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Developing a Bottom-Up Sportsmanship Solution

Lacrosse Team

Be part of the solution, and support this special sport that we all love.

Oh boy, it’s that time of year again! 

Spring lacrosse seasons are finishing up and the summer tournament season is about to begin. This is also the time when sportsmanship and conduct issues seem to hit a boiling point. 

A recent article by Newsday has made waves about verbal abuse directed towards lacrosse officials and officials in general. A simple search on the web will yield hundreds of articles written on this subject in just the last couple of years. 

So why is this still a problem? It’s a problem because everyone is too busy pointing fingers at each other instead of looking in the mirror first, and then sitting down at the table with all the parties in the local lacrosse community and coming up with solutions. 

Every year, US Lacrosse meets with representatives from the NFHS, NCAA and other large governing bodies to discuss and review rules, best practices, and points of emphasis related to sportsmanship. We all know that improving sportsmanship is an ongoing issue that must be consistently addressed.

We find that the rules we implement do seem to work, provided that they are followed. We also find that for those that don’t adhere to these rules, or don’t want to look in the mirror, or work together as a community to address the issue, the opposite is true. Sportsmanship and behavior gets worse.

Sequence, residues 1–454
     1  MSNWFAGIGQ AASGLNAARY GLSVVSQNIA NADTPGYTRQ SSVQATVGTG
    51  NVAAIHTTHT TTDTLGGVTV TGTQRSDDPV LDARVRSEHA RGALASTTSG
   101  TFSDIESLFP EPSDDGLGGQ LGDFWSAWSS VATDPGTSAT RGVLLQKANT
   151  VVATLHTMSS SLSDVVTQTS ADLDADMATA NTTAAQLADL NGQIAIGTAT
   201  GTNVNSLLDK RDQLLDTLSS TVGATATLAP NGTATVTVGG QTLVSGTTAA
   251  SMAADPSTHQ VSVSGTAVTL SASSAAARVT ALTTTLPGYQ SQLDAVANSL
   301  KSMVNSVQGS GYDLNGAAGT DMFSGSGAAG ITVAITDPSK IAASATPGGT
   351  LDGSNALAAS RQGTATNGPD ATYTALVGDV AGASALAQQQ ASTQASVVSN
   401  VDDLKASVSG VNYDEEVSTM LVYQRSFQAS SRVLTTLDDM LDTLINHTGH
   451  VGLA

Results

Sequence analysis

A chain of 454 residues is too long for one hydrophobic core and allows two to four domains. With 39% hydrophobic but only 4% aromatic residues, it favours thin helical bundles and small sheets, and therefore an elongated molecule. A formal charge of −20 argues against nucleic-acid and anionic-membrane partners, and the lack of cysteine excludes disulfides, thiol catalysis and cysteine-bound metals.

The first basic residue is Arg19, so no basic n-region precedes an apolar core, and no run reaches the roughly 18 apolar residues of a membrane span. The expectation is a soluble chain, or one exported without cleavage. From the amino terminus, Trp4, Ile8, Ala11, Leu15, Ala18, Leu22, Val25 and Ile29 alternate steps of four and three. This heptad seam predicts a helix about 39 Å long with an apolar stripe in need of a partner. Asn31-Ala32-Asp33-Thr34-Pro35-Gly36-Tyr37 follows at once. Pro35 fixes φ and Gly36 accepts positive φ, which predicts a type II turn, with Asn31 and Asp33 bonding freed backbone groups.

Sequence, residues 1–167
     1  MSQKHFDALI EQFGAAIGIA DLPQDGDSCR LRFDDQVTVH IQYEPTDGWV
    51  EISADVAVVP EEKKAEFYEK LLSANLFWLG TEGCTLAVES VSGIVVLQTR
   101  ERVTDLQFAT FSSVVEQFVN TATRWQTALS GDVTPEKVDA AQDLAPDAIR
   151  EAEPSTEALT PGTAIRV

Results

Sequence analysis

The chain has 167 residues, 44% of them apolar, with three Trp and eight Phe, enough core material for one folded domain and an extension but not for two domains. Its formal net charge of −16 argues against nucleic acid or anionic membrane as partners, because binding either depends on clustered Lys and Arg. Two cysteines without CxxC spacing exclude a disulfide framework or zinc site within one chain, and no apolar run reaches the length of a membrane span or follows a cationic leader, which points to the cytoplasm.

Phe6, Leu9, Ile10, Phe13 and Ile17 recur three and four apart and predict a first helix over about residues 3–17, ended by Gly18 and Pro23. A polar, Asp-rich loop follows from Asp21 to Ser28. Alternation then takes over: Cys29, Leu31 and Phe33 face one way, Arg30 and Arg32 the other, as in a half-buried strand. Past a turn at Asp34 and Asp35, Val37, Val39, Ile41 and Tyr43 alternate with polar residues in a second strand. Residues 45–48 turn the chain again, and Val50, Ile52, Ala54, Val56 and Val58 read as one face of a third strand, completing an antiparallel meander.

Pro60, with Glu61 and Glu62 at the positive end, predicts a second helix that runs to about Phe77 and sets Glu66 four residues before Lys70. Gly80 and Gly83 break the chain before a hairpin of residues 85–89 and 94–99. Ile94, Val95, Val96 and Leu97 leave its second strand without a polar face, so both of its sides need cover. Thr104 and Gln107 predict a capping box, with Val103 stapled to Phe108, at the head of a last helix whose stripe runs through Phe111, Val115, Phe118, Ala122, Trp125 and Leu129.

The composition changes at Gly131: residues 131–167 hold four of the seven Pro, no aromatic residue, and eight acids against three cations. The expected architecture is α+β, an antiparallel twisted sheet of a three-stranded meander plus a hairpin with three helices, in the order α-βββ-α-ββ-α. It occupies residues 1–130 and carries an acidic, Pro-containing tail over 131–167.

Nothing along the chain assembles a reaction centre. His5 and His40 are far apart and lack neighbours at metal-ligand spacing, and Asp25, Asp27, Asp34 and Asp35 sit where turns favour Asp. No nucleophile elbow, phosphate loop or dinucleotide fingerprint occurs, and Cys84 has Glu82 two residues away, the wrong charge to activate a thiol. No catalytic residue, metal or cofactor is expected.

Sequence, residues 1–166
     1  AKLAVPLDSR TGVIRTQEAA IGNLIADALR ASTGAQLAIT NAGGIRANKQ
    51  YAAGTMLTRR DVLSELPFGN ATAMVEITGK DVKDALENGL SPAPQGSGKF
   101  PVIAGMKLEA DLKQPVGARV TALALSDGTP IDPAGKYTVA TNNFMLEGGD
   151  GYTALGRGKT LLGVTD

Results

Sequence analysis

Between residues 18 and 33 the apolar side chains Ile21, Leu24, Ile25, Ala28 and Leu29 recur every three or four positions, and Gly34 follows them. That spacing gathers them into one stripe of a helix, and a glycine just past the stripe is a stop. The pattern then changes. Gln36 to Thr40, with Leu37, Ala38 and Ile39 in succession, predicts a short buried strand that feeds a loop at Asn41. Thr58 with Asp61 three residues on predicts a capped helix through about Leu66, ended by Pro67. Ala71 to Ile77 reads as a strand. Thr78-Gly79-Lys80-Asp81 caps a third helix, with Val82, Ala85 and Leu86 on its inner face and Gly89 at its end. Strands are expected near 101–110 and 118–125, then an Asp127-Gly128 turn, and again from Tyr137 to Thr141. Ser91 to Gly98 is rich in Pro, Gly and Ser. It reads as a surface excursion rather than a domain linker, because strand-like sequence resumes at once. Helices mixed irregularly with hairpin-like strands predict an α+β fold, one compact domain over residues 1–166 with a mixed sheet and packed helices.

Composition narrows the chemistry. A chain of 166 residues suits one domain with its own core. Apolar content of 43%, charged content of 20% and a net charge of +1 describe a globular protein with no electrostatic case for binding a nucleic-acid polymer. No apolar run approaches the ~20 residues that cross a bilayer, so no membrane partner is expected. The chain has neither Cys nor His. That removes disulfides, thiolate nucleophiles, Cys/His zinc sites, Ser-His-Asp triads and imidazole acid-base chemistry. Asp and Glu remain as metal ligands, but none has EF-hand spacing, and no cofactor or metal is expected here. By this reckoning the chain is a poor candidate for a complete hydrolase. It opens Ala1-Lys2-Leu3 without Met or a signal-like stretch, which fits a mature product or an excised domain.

If we don’t all get on the same page with our local officiating organizations, league administrators, coaches and parents, working together at educating and mentoring, the verbal abuse, the ejections, and the sportsmanship issues are not going to improve. 

We must hold each other accountable. If a coach has issues with multiple officials, maybe it’s not the officials. But, maybe it is. Have that conversation. Identify a way both groups can improve their communication. Assign some learning or reading for them to do before their next competition. US Lacrosse provides some great resources at for both coaches and officials on communication, sportsmanship and integrity. 

As governing bodies, we want local groups to develop the solutions that work best in an area and community. Rather than continuing to legislate from the top down, let’s fix this issue from the bottom up. 

Lacrosse has always been a community sport. Regardless of role, every individual involved with the sport becomes part of that community and assumes some responsibility for growing the game. Be part of the solution, and support this special sport that we all love. 

Charlie Obermayer serves as senior manager of the Officials Development Program at US Lacrosse.

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